In the spirit of the holiday season, Prime Minister Jean-Henry Céant called for a political truce between the government and the radical opposition groups that are continuously opposed to the current government and have encouraged street demonstrations, with calls for new demonstration in the coming days. This decision by the Prime Minister is motivated by his desire for the leaders of the nation to appeal to their sense of patriotism to overcome their political differences to allow the people to spend the holidays in an atmosphere of peace, serenity and hope for the New Year. According to Mr. Céant, it is imperative for all to keep their political passions and sensitivities in check in order to come together to work for the collective development of the society. The speaker of the lower house, Gary Bodeau also made an appeal for calm so that the middle classes and poor can go on with their commercial activities in peace.
Meanwhile, the Haitian Prime Minister was in Canada last week where he met with his Canadian counterpart, Justin Trudeau and other notable business leaders pertaining to investments in Haiti. As the keynote speaker at the Toronto Global Forum, Prime Minister Céant met with the Presidents of Barclays Bank, The New York Times and Blackberry. The Prime Minister’s office stated that the short visit was aimed at meeting with potential investors and there were signs that these meetings were very productive. During his address, he insisted on the necessity of an inter-Haitian dialogue in order to find solutions to the myriad of problems facing the country and ensure stability in order to attract investors to the country. With his Canadian counterpart stressing the important historic cooperation between the two countries, PM Céant assured investors that despite the recent demonstrations, the country is on the road to recovery and that the reality is much more attractive than the perception.
In other news, the Minister of Economy and Finance, Ronald Décembre submitted the 172.8 billion gourdes budget for the 2018/2019 fiscal year to parliament. 110 Billion gourdes has been allocated for operating expenditure while 62.8 billion is reserved for investments. According to the Minister, most of the allocations had favored social programs, estimated at 114 billion. Because it is quite unrealistic to expect revenues from taxes on petroleum products to total some 20 billion gourdes, the forecasts have been reduced to 104 billion gourdes. Additional efforts from revenues could net an additional 10 billion. The Minister goes on to explain that the budget has taken into consideration the needs of the most vulnerable segments of the population, with infrastructure and appeasement being the major priority areas. There is an increase in the allocation to the Ministries of Health, education and Social Welfare, with education seeing a 12% increase while Health is increasing by 7%. The appeasement aspect of the budget concerns the Ministries of Public Works and Agriculture with labor-intensive work. Also, he noted some constraints on the budget allocation, especially with regards to salary adjustment for workers. Some workers will see a 100 percent increase in their salary, especially those currently with meagre salaries. The Minister said there is an initial allocation of US40 million for expenses for the upcoming elections. He said there is no budget deficit and explained that additional revenue will be obtained, thanks to a reduction in customs deductibles and better performance of state agencies.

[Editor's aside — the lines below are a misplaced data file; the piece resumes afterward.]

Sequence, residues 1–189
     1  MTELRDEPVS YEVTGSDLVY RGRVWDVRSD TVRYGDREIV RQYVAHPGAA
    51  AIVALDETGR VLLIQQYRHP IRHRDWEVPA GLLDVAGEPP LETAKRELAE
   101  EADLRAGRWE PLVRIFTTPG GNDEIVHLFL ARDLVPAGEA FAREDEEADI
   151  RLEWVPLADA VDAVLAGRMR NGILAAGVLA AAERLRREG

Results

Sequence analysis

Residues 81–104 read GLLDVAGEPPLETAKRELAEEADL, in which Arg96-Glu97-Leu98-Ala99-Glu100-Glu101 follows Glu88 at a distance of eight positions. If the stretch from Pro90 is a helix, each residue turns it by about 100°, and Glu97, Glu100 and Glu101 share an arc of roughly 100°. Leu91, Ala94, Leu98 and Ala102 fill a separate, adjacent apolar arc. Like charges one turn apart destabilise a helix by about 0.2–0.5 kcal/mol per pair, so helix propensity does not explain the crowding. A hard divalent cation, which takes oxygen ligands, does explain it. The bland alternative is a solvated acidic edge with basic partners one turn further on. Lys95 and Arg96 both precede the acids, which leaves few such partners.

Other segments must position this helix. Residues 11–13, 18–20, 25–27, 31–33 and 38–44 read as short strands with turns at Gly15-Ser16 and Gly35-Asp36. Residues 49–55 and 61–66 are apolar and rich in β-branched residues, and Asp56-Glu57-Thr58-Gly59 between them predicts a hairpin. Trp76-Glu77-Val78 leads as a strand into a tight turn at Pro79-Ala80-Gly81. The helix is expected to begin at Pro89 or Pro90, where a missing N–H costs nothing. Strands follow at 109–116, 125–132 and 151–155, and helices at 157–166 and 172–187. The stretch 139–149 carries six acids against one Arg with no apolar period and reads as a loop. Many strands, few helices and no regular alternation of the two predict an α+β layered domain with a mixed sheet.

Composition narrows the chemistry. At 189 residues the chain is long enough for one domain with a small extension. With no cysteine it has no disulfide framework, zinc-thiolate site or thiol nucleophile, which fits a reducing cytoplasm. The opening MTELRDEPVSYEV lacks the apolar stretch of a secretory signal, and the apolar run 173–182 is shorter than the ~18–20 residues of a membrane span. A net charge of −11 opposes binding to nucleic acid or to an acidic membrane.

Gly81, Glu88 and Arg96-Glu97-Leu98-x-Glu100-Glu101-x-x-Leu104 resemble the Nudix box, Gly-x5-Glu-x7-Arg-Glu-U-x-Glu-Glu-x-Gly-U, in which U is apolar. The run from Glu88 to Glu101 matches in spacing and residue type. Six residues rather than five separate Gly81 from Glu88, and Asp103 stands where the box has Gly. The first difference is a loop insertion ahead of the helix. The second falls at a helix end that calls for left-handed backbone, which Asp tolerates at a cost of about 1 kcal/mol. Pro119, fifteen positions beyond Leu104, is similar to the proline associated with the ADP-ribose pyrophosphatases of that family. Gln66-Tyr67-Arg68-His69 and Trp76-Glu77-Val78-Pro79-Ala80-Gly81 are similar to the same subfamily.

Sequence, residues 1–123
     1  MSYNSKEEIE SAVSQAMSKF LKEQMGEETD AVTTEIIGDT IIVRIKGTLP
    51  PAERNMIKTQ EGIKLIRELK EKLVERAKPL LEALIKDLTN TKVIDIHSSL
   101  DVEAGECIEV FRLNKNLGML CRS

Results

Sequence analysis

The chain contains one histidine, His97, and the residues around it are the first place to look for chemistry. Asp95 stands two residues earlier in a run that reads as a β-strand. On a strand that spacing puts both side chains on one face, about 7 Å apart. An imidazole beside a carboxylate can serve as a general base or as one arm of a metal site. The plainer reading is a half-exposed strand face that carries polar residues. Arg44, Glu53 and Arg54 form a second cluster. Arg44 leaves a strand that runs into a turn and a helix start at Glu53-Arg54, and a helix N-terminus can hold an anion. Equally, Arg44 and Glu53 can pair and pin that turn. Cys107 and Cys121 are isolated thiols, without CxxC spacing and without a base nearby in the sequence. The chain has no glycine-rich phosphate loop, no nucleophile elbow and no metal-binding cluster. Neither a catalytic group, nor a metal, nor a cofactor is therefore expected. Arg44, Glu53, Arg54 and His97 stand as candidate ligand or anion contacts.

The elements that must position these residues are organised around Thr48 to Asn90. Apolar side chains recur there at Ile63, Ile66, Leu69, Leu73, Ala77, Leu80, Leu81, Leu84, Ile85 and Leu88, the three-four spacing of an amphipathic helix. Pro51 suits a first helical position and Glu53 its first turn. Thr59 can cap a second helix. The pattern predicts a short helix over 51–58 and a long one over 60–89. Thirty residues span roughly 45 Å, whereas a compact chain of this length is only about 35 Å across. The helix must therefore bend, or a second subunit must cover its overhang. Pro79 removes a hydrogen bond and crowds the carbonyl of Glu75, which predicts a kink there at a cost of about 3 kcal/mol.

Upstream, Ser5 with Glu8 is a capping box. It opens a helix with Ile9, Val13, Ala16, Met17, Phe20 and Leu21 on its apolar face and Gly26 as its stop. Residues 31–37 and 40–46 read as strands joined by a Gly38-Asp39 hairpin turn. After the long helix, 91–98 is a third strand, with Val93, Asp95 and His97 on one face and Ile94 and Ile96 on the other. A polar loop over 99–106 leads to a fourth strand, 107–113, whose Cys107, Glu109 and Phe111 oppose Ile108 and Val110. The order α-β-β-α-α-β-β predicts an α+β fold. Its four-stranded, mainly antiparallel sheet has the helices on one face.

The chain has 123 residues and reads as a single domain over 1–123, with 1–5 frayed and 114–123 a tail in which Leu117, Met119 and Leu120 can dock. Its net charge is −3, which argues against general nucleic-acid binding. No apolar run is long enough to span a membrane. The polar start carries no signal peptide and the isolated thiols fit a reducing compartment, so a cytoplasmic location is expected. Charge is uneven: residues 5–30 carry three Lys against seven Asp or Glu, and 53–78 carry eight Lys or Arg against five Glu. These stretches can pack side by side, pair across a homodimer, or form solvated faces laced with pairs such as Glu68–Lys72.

The government has decided to increase its oversight of public institutions and NGOs with regards to their fiduciary responsibilities. At issue is the thorny problem of tax exemptions and tax breaks which has caught the attention of lawmakers including former Speaker of the Senate and Chairman of the Senate Ethics and Anti-Corruption Commission, Youri Latortue, who warned of the harmful effects of such policies on public finances. In order to lead by example, the government has decided to eliminate the exemptions for most public entities, while revamping the tax slips for all NGOs with a tax-exempt status. Currently NGOs enjoy a 50% exemption on goods and services and NGOs exempt from scrutiny are those in the humanitarian and priority sectors such as importation of food, medicine, health equipment, agricultural and educational equipment. Other entities exempt from these new changes include private businesses that benefit from the tax exemption with the promise to create jobs, but the government is said to be keeping a close watch to make sure they do not abuse the privilege. Lawmakers are calling on the government to undertake serious studies in order to stem out fraud and corruption because according to the Senate Ethics committee, the government granted more that 20billion gourdes in tax breaks last fiscal year.
Elsewhere, the Prosecutor of Port-au-Prince tribunal, Clamé Ocnam Daméus resigned on Monday. He tendered his letter of resignation to the Minister of Justice, Rudy Aly. He decided to resign from the CSPJ also because of what he says were political threats to his life. This resignation came three months after lawyers in the Port-au-Prince Bar Association went on strike and demanded his resignation. They see this as a victory for their cause since their strike practically paralyzed the courts and the legal system in the capital. He has been replaced in the interim by the former Assistant Prosecutor Paul Eronce Villard.
Finally, another group of Haitian migrants have arrived in Port-au-Prince from Chile, as part of the voluntary return policy put in place by the Chilean government.